As of the morning of June 1, 2014, access to YouTube remained blocked in Turkey. [ citation needed ].But during the day, access appeared to have been restored
On April 6, 2015, YouTube was again briefly blocked, alongside Facebook and Twitter, due to the widespread posting of footage of a prosecutor killed during a hostage crisis.
On December 23, 2016, YouTube again became briefly inaccessible in Turkey according to reports validated by internet monitoring group Turkey Blocks after footage that allegedly showed the immolation of Turkish soldiers by jihadists was shared on the site. [ citation needed ].The site is now accessible again as of December 25
The UAE's Telecom Regulatory Authority (TRA) briefly blocked YouTube from August 2006 to October 2006 due to increasing concerns regarding the presence of adult content in the website. According to the TRA, the block was done due to YouTube not categorizing and separating adult pornographic content from normal content.The ban was lifted in October 2006.
YouTube access in Uzbekistan has been heavily censored for an unknown reason since October 15, 2018.
During the 2019 Venezuelan presidential crisis, YouTube has been heavily censored regularly by Venezuela's state-owned internet service provider, CANTV. The blocking of YouTube and social media websites by the Venezuelan government were intended to suppress information relating to Juan Guaidó and the pro-opposition National Assembly. This mainly affects the access of streaming platforms like Periscope, YouTube, Bing, and other Google services.
On January 21, 2019, the day of a Bolivarian National Guard rebellion in the Cotiza neighborhood of Caracas, internet access to some social media websites, including YouTube was reported to be blocked for CANTV users. The Venezuelan government denied it had engaged in blocking.
During the Venezuela Aid Live concert on February 22, access to YouTube was blocked for CANTV users during the concert,alongside with National Geographic and Antena 3 that were removed from cable and satellite TV for broadcasting the concert.
Guaidó speech during the February 23 entry of the humanitarian aid, YouTube was blocked.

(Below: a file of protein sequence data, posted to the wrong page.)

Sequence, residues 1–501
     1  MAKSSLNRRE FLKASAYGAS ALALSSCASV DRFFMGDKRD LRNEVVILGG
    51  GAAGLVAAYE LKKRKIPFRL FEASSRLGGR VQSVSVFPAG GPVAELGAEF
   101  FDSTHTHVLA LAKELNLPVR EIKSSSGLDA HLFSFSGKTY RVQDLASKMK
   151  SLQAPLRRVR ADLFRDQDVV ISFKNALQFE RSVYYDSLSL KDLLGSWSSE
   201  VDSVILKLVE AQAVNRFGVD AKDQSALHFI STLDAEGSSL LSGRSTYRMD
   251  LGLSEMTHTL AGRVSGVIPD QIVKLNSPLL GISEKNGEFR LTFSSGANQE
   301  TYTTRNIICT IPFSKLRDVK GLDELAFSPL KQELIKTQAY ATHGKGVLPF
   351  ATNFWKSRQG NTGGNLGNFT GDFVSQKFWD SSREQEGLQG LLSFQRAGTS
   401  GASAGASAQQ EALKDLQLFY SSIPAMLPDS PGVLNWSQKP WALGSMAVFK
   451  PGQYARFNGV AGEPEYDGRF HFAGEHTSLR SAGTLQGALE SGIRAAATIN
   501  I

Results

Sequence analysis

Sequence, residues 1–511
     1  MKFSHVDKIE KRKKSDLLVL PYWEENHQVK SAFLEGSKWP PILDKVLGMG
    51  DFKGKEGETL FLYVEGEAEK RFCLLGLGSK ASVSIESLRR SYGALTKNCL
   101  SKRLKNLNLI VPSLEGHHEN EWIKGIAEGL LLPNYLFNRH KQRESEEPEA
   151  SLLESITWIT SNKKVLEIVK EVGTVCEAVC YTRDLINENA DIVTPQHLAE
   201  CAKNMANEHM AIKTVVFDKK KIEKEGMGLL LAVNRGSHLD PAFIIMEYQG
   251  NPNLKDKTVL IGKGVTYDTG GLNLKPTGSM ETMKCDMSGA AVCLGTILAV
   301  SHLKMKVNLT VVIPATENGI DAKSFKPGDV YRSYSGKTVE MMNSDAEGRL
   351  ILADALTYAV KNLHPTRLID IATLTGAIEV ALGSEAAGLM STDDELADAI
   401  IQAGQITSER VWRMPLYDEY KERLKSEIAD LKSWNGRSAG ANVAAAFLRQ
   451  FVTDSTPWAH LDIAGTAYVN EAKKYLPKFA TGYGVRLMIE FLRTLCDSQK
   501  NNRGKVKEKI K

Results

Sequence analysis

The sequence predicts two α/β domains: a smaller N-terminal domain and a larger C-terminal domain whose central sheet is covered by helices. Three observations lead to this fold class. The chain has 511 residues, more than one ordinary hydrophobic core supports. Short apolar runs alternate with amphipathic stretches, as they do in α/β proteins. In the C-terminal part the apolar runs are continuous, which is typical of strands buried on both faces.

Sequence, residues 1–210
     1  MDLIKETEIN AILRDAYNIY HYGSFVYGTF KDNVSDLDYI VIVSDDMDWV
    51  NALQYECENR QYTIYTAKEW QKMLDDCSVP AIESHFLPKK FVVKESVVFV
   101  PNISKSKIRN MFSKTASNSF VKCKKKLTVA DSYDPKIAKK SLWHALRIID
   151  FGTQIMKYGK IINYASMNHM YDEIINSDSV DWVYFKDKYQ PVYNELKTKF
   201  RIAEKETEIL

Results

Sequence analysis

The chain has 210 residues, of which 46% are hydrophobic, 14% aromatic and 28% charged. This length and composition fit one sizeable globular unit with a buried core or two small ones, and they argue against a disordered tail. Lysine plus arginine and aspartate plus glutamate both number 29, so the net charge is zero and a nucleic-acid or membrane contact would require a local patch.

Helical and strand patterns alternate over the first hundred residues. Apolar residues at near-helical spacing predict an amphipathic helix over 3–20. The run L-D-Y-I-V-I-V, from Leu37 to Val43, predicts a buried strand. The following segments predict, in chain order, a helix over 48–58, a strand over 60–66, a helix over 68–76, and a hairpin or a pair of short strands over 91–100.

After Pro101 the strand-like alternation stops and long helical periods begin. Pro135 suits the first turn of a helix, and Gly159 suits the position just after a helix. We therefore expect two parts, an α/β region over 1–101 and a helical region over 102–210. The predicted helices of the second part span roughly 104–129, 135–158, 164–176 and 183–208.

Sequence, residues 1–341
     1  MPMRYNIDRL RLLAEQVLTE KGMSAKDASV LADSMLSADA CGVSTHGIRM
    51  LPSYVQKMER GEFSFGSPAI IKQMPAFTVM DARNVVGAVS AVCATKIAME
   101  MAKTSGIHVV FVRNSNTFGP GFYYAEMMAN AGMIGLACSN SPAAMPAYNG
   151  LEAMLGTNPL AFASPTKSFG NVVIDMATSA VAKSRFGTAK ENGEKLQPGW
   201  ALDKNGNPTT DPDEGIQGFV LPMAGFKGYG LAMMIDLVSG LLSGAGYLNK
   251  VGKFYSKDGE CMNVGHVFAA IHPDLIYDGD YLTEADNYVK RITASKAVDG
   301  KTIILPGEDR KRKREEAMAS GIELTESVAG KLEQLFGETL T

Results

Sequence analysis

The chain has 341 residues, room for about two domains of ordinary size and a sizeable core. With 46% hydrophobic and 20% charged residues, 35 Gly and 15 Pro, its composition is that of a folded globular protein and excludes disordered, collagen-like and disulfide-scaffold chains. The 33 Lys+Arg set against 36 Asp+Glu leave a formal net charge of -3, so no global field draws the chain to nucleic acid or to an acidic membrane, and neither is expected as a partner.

The longest block of YouTube to date started during a National Assembly session on March 6, lasting 20 hours.
The YouTube live stream of the press conference of US Secretary of State Mike Pompeo and Colombian President Iván Duque Márquez on April 15, 2019 was disrupted for CANTV users.
The YouTube restrictions returned with the return of the protests on November 16.
YouTube was first blocked in China for over five months from October 16, 2007to March 22, 2008.
It was blocked again from March 24, 2009, although a Foreign Ministry spokesperson would neither confirm nor deny whether YouTube had been blocked.Since then, YouTube is not accessible from China. However, YouTube can still be accessed from Hong Kong and Macau. It could also be accessed in the Shanghai Free Trade Zone, and specific hotels. Since 2018, if the term "YouTube" was searched on Baidu, a text "According to local regulations and policies, some results cannot be shown" will be displayed. Even though YouTube is blocked under the Great Firewall, many Chinese media including CCTV have their official YouTube account. In spite of the ban, Alexa ranks YouTube as the 11th most visited website in China.
YouTube has been intermittently blocked in Eritrea since 2011 by some ISPs, although a spokesperson for Freedom House speculated this was due to bandwidth considerations.